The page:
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Festival visitors who make a $25 donation will receive 3D glasses called “Sleigh Bans” (a humorous take on Ray-Ban eyewear) that enhance viewing of the park’s light displays. Also, since this is Oglebay’s 90th anniversary celebration, look for a special birthday-themed display designed by Woodsdale Elementary School student Lakin Chambers, who flipped the switch Thursday night.
Behind the Scenes
If you’re curious to know what goes on behind the scenes, I’ll describe it for you. Behind an unassuming yellow house near Crispin sits the maintenance area. This is where the crew stores most of the displays during the year. Some displays spend the summer in an empty greenhouse; others lean against buildings or lie on flatbed trailers, where heat and sunlight tend to break down the ties that hold the light strings to the metal display frames, necessitating extra maintenance. Byrum told me he hopes to have a proper warehouse for the displays in the future, but for now, the crew keeps them wherever they find space. That’s getting trickier, as the total number is over 90 displays now.
The inside of the maintenance building looks a lot like my family’s garage, actually, with spools of light strings and boxes of bulbs, but on a much larger scale, of course. In the greenhouse, ironically, lurk electric flowers; you’ll soon see them “growing” in the Gardens of Light (near the arboretum) and hanging in baskets. Most of the greenhouse has emptied out, though; the crews have been working at a furious pace.
Harry Himrod is the Festival of Lights supervisor. He makes it happen, every year. For many years, he told me, high school welding students put the displays together in class, and electronics classes used to program the animation.
“We relied on them a lot, back in the beginning,” Himrod said. Now, Wilhelm Welding in Valley Grove does the work, as it got to be too much for welding classes to tackle. Himrod also told me about the switch from incandescent lights to LED lights. It was a smart move, as 180,000 incandescent bulbs needed to be replaced each year. LED displays appear more vivid, and the lights last longer.
Himrod is a vast wealth of FOL knowledge after 55 years with the park. He told me a lot about circuits and wattage and amps, but I’m afraid it went way over my head. He was there on Dec. 2, 1985, when the original five light displays turned on for the first time. Byrum told me that, as Harry approaches retirement age, the crew is trying to extract as much Festival of Lights knowledge as they can from his brain.
“He is the blood and guts and heart and soul of FOL,” Byrum said. “He’s made it happen. Without him, I would be lost.” Fortunately, Himrod has been passing on what he knows to his crew, and when he’s been temporarily absent, they’ve done a good job of filling his shoes. It’s a team effort.
It’s time to come clean: this writer hasn’t seen the Festival of Lights for several years. It was easy to tell myself that a trip to Oglebay meant loud kids in the back seat and the agonizing possibility of brotherly fisticuffs in a line of parked cars. This year, I’ve chosen to look at it differently. The holidays are a time to pull back, to take a breath and center ourselves. It’s tough to do that when we’re in line at the grocery store or rushing through town (shop local!). Within the confines of the car, however, I’m in control. The kids have nowhere to go, and as we drive, we talk. We really talk to each other. Home may be where we dwell, but the car is where we truly converse. I can point out the candy canes and tell them about the first time I saw the same display at age 6. I can tell them about my grandparents, who lived across from the driving range and the big star visible from their living room. We can talk about anything at all or simply sit quietly together. It’s the together that matters.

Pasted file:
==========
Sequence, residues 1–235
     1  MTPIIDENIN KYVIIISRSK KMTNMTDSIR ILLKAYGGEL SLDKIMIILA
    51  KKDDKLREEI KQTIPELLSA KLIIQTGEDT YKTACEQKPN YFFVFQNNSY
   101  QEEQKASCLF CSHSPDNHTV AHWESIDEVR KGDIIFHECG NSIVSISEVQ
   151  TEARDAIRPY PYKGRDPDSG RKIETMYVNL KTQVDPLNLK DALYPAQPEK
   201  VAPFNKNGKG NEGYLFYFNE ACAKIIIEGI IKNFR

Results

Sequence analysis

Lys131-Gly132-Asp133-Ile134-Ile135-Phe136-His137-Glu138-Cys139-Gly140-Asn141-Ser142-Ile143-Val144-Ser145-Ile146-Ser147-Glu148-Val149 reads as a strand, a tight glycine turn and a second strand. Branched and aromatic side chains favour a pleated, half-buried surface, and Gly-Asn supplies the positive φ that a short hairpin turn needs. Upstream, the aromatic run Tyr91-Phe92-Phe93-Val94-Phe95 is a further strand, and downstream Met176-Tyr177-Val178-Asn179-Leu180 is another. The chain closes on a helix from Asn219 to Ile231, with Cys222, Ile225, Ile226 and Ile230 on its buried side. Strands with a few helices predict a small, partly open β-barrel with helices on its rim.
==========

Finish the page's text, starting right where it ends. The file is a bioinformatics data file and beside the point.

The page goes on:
On March 8, 1887, the Wheeling Daily Intelligencer ran an article about the moment electric light arrived in Wheeling. It read:
The Edison incandescent electric lights were ablaze last night for the first time in this city. To say those who have put the lights in were pleased with the result is stating it mildly. The light is a pure, soft white light, as steady as daylight. For the first trial, the current worked with unexpected success. Last night’s start was only an experimental one, the lights being turned on merely to regulate them and arrange the burners to the best advantage. They attracted a great deal of attention and were commended on all sides as the best light, all things considered, ever seen in Wheeling.
The writer couldn’t have known how true his words would be, again, when the first Oglebay holiday lights winked on, 98 years later.
“The introduction of the light is a good thing for the town,” he wrote, of that day.
Indeed, it has been.
• Laura Jackson Roberts is a freelance writer in Wheeling, W.Va. She holds an MFA in Creative Writing from Chatham University and writes about nature and the environment. Her work has recently appeared in Brain, Child Magazine, Vandaleer, Animal, Matador Network, Defenestration, The Higgs Weldon and the Erma Bombeck humor site. Laura is the Northern Panhandle representative for West Virginia Writers, a blog editor for Literary Mama Magazine and a member of Ohio Valley Writers. She recently finished her first book of humor. Laura lives in Wheeling with her husband and their sons. Visit her online at www.laurajacksonroberts.com.